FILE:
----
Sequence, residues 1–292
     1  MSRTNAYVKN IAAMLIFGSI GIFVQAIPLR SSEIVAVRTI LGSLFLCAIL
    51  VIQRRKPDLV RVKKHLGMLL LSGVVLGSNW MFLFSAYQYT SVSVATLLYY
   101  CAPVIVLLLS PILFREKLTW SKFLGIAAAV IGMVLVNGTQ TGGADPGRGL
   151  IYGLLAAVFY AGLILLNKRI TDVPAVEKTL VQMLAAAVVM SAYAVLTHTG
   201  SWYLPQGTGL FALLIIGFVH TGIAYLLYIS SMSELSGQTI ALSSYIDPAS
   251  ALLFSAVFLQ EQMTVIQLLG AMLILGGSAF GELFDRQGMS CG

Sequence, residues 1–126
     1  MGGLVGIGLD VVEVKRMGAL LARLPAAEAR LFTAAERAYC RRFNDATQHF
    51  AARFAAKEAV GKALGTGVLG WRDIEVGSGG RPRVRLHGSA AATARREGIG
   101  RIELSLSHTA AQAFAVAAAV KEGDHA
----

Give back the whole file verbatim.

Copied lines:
Sequence, residues 1–292
     1  MSRTNAYVKN IAAMLIFGSI GIFVQAIPLR SSEIVAVRTI LGSLFLCAIL
    51  VIQRRKPDLV RVKKHLGMLL LSGVVLGSNW MFLFSAYQYT SVSVATLLYY
   101  CAPVIVLLLS PILFREKLTW SKFLGIAAAV IGMVLVNGTQ TGGADPGRGL
   151  IYGLLAAVFY AGLILLNKRI TDVPAVEKTL VQMLAAAVVM SAYAVLTHTG
   201  SWYLPQGTGL FALLIIGFVH TGIAYLLYIS SMSELSGQTI ALSSYIDPAS
   251  ALLFSAVFLQ EQMTVIQLLG AMLILGGSAF GELFDRQGMS CG

Sequence, residues 1–126
     1  MGGLVGIGLD VVEVKRMGAL LARLPAAEAR LFTAAERAYC RRFNDATQHF
    51  AARFAAKEAV GKALGTGVLG WRDIEVGSGG RPRVRLHGSA AATARREGIG
   101  RIELSLSHTA AQAFAVAAAV KEGDHA